Fiona is an excellent example of judicious use of an epidural, with a strategy to minimize negative effects.  Our strategy included:

  • Administering the epidural in late labor.  This carries the benefit of minimizing risk of epidural fever1, and allows the body to benefit from the natural surge of oxytocin and endorphins that labor brings2.  There are theories that suggest these hormone surges promote maternal-infant bonding, breastfeeding, and possibly some pain relief for the fetus.  Later administration of an epidural may also diminish the risk of needing an assisted vaginal delivery (forceps, vacuum) or cesarean delivery.3 
  • Administering a light dose of epidural anesthesia.  For women who are able to tolerate some sensation, requesting a lighter dose of anesthesia may allow them to retain more ability to move their legs and to push with contractions.  You can always request more anesthetic, but it is difficult to have sensation completely removed and then have to let the epidural wear off at the height of labor intensity in order to facilitate pushing.  Many women can work with a light epidural, not needing total numbness, but moderate pain relief.
  • Choosing a labor position that facilitates gravity.  An upright position IS possible with an epidural.  Most nurses have never seen this done, but with at least two people to support the laboring woman, she can be assisted onto a birth stool place against the side of the bed or on top of the bed with the back fully raised.  Two people must remain, one on each side, at all times to ensure safety should she have difficulty supporting herself.  With a lighter epidural, this should not be a problem, although she will not be able to reliably bear her own weight.  If an upright position is not feasible, a side-lying position for  delivery is the next best option.  The upper leg may be supported by someone, or rested in a leg rest.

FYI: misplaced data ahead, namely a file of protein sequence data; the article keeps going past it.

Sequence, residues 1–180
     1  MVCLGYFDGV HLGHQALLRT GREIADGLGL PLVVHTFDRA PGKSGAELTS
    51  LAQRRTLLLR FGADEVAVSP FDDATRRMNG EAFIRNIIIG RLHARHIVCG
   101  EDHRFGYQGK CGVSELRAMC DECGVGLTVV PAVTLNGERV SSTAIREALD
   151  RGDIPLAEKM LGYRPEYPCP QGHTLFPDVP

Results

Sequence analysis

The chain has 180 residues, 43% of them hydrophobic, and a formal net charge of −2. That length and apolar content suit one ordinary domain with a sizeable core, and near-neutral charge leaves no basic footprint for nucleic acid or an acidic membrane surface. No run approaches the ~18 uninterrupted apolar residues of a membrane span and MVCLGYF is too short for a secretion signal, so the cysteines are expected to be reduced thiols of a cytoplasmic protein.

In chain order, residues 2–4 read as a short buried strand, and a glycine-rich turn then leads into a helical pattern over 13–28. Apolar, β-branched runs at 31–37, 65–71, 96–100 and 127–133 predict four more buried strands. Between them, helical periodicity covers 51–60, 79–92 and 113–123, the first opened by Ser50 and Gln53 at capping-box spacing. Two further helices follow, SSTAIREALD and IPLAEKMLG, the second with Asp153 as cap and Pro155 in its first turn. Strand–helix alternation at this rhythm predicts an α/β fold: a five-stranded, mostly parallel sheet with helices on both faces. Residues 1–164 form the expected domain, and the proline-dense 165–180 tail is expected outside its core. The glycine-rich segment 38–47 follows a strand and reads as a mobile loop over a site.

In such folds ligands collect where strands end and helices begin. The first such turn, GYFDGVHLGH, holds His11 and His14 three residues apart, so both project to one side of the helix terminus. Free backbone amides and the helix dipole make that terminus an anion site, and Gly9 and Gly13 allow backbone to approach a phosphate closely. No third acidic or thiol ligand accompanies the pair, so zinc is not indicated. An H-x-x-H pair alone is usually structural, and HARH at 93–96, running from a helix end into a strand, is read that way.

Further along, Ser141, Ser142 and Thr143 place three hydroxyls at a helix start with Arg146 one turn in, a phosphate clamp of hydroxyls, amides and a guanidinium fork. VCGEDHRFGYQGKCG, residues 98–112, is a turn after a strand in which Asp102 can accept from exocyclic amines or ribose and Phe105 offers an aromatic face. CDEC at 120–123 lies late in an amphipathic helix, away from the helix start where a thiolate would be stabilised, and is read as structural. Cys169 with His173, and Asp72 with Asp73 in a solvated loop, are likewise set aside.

• Reducing the epidural dose during pushing.  This may be helpful, but is difficult for many women to tolerate if they have not been feeling anything since the epidural was administered.  For this reason, it is optimal to have a lighter dose of epidural anesthesia, rather than starting out completely numb.
  • Allowing the baby to ‘“labor down”.4  This may extend the second stage of labor by several hours.  Provided mother and baby are doing fine, there is no need to hurry this stage; indeed, beginning pushing before the mother feels rectal pressure can increase risk of fetal distress and need for forceps/vacuum.  Allowing baby to labor down means that either you can see the baby’s head visible at the perineum with contractions, or the mother reports feeling a strong amount of pressure on the perineum, can feel when she is having a contraction, has the urge to bear down, and is able to move the baby’s head with pushing.

While it is generally wise to avoid interventions if labor is progressing normally, an epidural was a good choice for Fiona, and it may be a good choice for you.  Consider discussing these tips with your OB care provider ahead of time to ensure that you will be supported in your desire to minimize potential negative effects of an epidural.



1 Klein MC.  Does epidural analgesia increase rate of cesarean section?  Can Fam Physician. 2006 April 10; 52(4): 419–421.

2 Buckley SJ.  Ecstatic Birth.  Retrieved 03/19/2010 from:

3 Thorp JA, Hu DH, Albin RM, McNitt J, Meyer BA, Cohen GR, et al. The effect of intrapartum epidural analgesia on nulliparous labor: a randomized, controlled, prospective trial. Am J Obstet Gynecol. 1993;169:851–858. 

4 Roberts J, Hanson L.  Best practices in second stage labor care: maternal bearing down and positioning. Journal of Midwifery & Women’s Health, Volume 52, Issue 3, Pages 238-245. 


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Minimizing Negative Effects of Interventions: “I’m connected to so many things!”

Minimizing Negative Effects of Interventions: I’m Overdue!

Minimizing Negative Effects of Interventions: “I have fast labors”